Why do you write?
I’ve led creative writing classes and done presentations on writing, and experience has taught me that most people know if they’re writers or not. A few are writers who discover their talent later in life, but for the most part, writing is either something you dread doing or something you are driven to do.
Consequently, there’s not much I can say to get you from the I-Dread-Writing camp into the I-Can’t-Stop-Writing camp, except to offer the tips below, and to ask you, why do you really want to change affiliations, and what do you expect as a result of the change? (If that sounds like the psychologist in me peeking out, my apologies. I regress occasionally.)
That said, what people ask most from me are tips on writing better, writing more, getting over writer’s block, and selling their writing. I’ll address the How to Get Published topic in a little bit. But first, a few…
Write the story within you. Most writers will tell you to write the book that’s in you right now, the book you think about every waking minute, the book you have no choice about writing. Don’t write the book your publisher wants, or the book your mother wants, or the book that’s guaranteed to make the New York Times bestsellers list. If it’s not the book that is kicking and screaming to get out of your head and onto paper, you’ll only wind up being disappointed in it, and it probably won’t please your publisher, your mother, or anyone at the New York Times. Hand in hand with that goes…
Believe in yourself. This is crucial to not only writing well, but selling the book you do write. If it’s too elusive, too overwhelming, or causes you to snort derisively, please consult with a good therapist.
Keep a journal of ideas. You can keep an actual journal or book and write down story ideas, character names, plot twists, and so on. Or you can do what I do which is messier but also works: I write ideas down on slips of paper, backs of envelopes, paper napkins, or anything else I can get my hands on and then keep them all in a box that I call my Idea Box. Whenever I want an idea for a story, or I need some way to develop a plot or I need a character name, I reach into my Idea Box and pull them out. Usually one of them fits. UPDATE: I also use my smartphone for this, writing ideas into a memo or note (Evernote is great for this) and syncing it with my laptop. I name them all starting with “Useful Bits:” and categorize them as “Writing” so I can group them efficiently.
Don’t be afraid to improve. In other words, don’t expect your first writings to be perfect. They won’t be. It’s the nature of growing as a writer. Use each opportunity to write as a chance to develop your craft. A year from now, you’ll look back on your writing and be surprised at how far you’ve come. That’s good: it means you’re growing. The scary part is when you look back at stuff you wrote years ago and it looks exactly like the stuff you wrote yesterday. That means there hasn’t been enough growth. Even published writers aren’t perfect writers. I was first published over thirty years ago and I’m still learning and growing as a writer.
Read writing books. You can find them at any local library if you don’t want to invest in them for your own library. One of the many better ones is Writing Down the Bones by Natalie Goldberg. As a writer, you are an artist, and all artists need to learn their craft from those who have already succeeded. Books about writing will answer a lot of questions about fiction and nonfiction, synopses, characterizations, dialogue, plot, setting, description, and so forth. They are a wellspring of information, so take advantage of them.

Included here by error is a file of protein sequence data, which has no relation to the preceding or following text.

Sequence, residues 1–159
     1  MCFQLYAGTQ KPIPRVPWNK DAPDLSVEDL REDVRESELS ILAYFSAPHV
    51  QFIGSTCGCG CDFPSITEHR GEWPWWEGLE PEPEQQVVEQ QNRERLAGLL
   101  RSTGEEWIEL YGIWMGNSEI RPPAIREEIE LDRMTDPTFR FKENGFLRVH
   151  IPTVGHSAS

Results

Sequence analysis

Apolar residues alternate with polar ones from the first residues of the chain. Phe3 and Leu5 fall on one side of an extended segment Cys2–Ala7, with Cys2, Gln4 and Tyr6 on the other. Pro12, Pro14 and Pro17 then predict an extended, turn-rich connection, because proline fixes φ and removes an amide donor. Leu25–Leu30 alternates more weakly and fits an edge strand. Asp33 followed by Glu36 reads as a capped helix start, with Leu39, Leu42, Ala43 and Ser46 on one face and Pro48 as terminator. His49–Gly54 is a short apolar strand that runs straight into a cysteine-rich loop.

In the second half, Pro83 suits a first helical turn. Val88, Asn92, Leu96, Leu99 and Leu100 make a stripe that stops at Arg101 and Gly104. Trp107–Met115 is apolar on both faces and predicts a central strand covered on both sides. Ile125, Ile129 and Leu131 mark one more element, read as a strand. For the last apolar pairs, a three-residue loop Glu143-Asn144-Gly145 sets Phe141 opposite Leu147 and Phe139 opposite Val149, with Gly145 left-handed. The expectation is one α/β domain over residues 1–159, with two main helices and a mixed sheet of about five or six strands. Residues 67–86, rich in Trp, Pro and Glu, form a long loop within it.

Be a prolific reader. The more you read, the more you will see how other successful writers practice their craft, and the more you’ll learn about your own.
Learn to see life from others’ perspectives. Practice this in your everyday life and it will open up new worlds. Maybe you were miffed at the woman driver in the white minivan because she cut you off in the parking lot at Target and stole your space, even though you were waiting patiently with your turn signal on. But what was she thinking? Maybe her version went like this:
Jeez, I’m so sorry, I know you’re waiting for that space, but I have to get inside and get some cough medicine for my son, who’s coughing so hard, there’s blood specks now. I’ll be as quick as I can. I’m so sorry! I had to leave him home with his ten-year-old sister and I don’t trust them home alone. Plus, the furnace repairman is coming in twenty minutes, and I can’t afford another copay at the doctor’s office until payday. Please forgive me for taking your space. Maybe you have a sick child at home, too. So sorry, so sorry! I’m hurrying!
Use your childhood traumas. Did you grow up in a less than idyllic setting? Many writers did. Somehow, childhood trauma and the creative arts go well together. Use it to your advantage. Parents divorced? Death in the family? Child abuse? Frequent moves and no friends? School bullies? Foster care? Family alcoholism or mental illness? If you can answer yes to any of these, first, consider therapy. Then, realize that you know firsthand what sells novels: conflict. You know about betrayal and abandonment, about neglect and abuse and love as a double-edged sword. You’ve seen the dark side of life. Consider it research and use it in your writing. But…
Don’t write your autobiography as a novel. Rarely does this work well in fiction. Creating a fictional character who shares some of the same characteristics is fine, and often successful, but make sure there’s a clear boundary between that character and you.